Last year while on tour with Mansions I started writing a detailed account of food that I liked to eat for a website that unceremoniously fired me after I stopped responding to their emails. Their loss was tumblrs gain (I suppose) and I began posting my foodie diatribes on http://tourfoodblog.tumblr.com. If you'd like to read my back logs GO RIGHT AHEAD. Pardon my caps. Right now I'm on tour with the incredibly popular EDM act Krewella working the merch table and looking at spread sheets all day, I plan on writing as many heavy think pieces (trademark pending) on the cities we visit and the food found within as I can visit. Read them here, read them there. It's really up to you.
My life in your city is comprised of ten blocks, twenty if I'm lucky. On some tours I have the luxury of being at a venue that's in the district of grime, covered in spray paint and dirt, it has been deemed cool by the smell of vomit and the pools of gutter water than refuse to evaporate. For this two and a half months at sea I'll be working in respectable mid size theaters located in cleaned up downtowns across the country, eight days in and it feels like I've been walking from backstage to backstage, traveling simply by being.
When I fell asleep in Albuquerque it was 65 degrees and when I stepped out into the mid morning sun in Arizona my blood began to boil, but I relished the chance to put my feet on concrete in Tucson. After two days of hotel coffee and whatever it is we have on the bus, a decision was made, I needed a cup of joe that I could chew on, something that would grab me by my beard and throw me across the county line. As luck would have it, our venue for the evening (a lovely repurposed theater named The Rialto) was directly across the street from the unassuming Cartel Coffee Lab.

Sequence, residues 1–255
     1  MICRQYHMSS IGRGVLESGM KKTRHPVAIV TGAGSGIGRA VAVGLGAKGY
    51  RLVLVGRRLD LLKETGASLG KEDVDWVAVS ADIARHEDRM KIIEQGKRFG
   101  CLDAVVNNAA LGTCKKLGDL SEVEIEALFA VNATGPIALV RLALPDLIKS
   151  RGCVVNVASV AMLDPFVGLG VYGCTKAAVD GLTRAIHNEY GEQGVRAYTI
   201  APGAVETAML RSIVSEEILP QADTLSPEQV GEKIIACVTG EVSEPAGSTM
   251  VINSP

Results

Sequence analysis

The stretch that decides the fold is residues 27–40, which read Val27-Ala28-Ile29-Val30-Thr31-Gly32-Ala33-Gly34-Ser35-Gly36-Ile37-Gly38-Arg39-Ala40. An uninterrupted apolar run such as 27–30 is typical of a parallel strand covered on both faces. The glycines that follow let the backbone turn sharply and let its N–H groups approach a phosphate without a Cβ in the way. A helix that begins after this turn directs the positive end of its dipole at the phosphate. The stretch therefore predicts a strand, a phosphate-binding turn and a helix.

If it hadn't been for the incredibly hip Arizonian (who was quick to point out that he was from Phoenix, not Tucson) sitting outside, squinting at us from across the street and subtly nodding his head towards the glass door I wouldn't have braved the traffic to get the best cup of coffee that I've had since leaving Austin. Unbeknownst to myself and the crystal fabricators that followed me to uncertain coffee intake, the Cartel Coffee Lab was still being built and we were the first customers ever. This information explained the sound of electric saws and the smell of sawdust mixing with roasting coffee in a lovers embrace above our heads, not a bad smell and it gave the entire affair a sense of danger that most modern coffee shops severely lack.
Oh, all of the baristas at your local coffee shop listen to slightly hip music and scowl when you order a large iced mocha with half whip cream? They scoffed when you put a dollar in the "Disintegration" box rather than the the box discretely marked "seventeen seconds"? Well in Tucson I could have had my head cut off or accidentally eaten a piece of wood while I was greedily eating a delicious blueberry muffin. The Triple C (as it shall now always be known as) was a great change of pace from being in the back of a theater, devouring whatever food was brought to us from the outside world like trolls forever shoved under a bridge.
While killing time around Tucson (as I am want to do) I noticed how knew and shimmery all of the buildings were. The custom burger joints and the "speakeasies" all passed with a slick coat of new that I began to grow wary of. What was this place? Parts of the city began to resemble other parts of other cities and I began to feel like I was secretly placed back in my loop, a rat in a cage that thought he had escaped his cage. It was Kafka-esque, if I may use a term loosely. On my way to the post office I took turns down alleys and found that even they were clean. It's like everything was built hours before my arrival, the sprawl is reaching out and I don't think we can run fast enough.